Last week I had the opportunity to meet with a number of teams who were going in to pitch ideas for future funding. The team with the best idea (and hopefully the best presentation…) would get the financing to make that idea a reality.
One of the questions I requested that they ask each other was, “What do you need me to be in this meeting—an ally or an observer?”
What do I mean by this?
Once the team’s leader has been declared or chosen, the rest of the team needs to take on one or the other – or sometimes both of these roles.
What does this look like?
When you’re acting as an ally, your job is to sit next to your teammates and to look at whoever is speaking as if s/he is the most fascinating person you have ever met.
Why? Because if you, as a team member, aren’t visibly interested in what your team leader is saying, why should anyone listening to the presentation be interested?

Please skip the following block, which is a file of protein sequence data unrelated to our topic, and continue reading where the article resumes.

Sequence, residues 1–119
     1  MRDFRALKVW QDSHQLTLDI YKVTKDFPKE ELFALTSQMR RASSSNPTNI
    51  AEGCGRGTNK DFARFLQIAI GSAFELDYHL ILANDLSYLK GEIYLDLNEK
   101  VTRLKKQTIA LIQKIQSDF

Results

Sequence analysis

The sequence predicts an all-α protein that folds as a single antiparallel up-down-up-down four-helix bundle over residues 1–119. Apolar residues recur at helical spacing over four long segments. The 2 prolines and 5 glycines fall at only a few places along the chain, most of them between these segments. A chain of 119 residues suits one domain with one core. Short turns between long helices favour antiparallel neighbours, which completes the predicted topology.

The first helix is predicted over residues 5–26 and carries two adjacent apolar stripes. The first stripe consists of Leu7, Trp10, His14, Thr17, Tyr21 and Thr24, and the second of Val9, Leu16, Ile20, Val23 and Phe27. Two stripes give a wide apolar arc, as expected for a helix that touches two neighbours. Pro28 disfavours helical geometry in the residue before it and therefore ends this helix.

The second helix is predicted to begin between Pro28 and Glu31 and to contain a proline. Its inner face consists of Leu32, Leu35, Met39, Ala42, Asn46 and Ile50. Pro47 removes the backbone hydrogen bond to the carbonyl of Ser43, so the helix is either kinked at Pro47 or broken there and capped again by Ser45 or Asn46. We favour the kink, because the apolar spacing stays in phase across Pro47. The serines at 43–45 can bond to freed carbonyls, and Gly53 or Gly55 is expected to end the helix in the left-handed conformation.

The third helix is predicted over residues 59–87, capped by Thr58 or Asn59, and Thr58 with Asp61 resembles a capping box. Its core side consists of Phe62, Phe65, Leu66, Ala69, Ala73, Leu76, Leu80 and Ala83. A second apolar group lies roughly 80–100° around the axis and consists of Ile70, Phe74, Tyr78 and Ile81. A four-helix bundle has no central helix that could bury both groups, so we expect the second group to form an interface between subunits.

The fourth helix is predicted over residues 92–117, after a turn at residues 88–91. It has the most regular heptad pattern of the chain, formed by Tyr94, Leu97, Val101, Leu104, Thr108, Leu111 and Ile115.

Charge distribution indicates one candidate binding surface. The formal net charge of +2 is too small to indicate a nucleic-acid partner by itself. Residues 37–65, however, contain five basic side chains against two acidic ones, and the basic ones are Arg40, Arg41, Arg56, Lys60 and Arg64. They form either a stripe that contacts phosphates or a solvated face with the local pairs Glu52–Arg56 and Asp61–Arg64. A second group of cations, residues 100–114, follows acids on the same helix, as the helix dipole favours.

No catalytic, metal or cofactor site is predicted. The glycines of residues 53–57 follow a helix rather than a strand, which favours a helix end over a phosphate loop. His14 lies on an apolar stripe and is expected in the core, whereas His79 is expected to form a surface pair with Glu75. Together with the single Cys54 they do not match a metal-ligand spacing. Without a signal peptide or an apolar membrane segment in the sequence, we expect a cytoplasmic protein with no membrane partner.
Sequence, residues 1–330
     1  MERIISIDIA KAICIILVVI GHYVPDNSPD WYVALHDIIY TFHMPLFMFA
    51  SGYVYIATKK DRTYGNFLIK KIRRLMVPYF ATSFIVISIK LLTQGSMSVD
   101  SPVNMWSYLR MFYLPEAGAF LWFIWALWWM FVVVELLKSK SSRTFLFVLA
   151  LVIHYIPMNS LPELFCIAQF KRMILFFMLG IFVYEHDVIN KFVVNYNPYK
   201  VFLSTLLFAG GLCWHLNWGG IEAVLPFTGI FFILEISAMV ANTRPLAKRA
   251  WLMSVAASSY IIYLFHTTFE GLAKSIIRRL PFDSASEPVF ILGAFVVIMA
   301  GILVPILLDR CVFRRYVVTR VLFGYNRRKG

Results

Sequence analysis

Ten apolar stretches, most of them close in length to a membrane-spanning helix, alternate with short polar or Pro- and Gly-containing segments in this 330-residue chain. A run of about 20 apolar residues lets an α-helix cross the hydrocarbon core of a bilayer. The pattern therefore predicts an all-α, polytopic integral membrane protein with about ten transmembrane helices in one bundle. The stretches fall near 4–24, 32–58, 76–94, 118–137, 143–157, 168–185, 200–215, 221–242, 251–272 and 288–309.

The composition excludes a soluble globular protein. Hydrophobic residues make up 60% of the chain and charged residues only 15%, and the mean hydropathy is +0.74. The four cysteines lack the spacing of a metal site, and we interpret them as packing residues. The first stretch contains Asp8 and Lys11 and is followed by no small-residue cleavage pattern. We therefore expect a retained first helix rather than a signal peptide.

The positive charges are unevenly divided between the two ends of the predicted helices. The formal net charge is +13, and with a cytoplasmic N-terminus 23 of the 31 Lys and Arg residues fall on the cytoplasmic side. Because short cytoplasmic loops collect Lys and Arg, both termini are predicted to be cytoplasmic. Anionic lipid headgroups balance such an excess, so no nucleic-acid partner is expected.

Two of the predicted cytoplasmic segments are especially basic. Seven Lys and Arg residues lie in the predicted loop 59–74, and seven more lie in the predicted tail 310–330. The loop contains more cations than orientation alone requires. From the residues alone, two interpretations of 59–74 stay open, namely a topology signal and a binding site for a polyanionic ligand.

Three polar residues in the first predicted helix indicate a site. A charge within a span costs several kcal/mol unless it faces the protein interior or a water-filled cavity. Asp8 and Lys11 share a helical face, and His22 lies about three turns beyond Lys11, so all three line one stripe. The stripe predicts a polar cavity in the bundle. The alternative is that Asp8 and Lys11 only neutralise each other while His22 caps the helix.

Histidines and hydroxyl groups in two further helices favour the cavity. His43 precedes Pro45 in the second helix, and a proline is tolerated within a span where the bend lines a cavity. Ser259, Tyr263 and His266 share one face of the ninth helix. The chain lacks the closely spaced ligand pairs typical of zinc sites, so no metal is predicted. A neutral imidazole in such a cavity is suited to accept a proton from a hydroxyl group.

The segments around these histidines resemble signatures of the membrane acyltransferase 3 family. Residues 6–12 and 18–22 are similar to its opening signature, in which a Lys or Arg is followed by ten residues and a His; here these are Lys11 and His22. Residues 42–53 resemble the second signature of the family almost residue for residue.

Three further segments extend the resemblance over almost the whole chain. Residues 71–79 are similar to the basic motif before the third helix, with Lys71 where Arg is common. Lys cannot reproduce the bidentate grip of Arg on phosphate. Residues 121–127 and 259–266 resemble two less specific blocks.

If you’ve taken on the role of observer, your job is to take a constant inventory of the faces of those to whom you are presenting. Does she look bored? Does he look confused? Does she look disappointed? Does he look frustrated? Etc.
Keeping an eye on these emotions allows you, then, during the question and answer portion of the meeting to ask questions such as, “I noticed that there seemed to be some confusion when Joe talked about X. Is there something we can clear up for you?”
Working in this way has both immediate and long-term benefits. The people in the meeting have their questions and concerns addressed in the moment, and—almost more importantly—they leave feeling confident that you and your team are committed to staying on top of trouble-shooting going forward.
P.S. I hope you enjoyed Seymour modeling Ally or Observer… he’s an excellent member of any team!
For those of you on virtual teams, check out the top 10 ways to get the most out of your virtual team, “Feels Like (Virtual) Team Spirit”.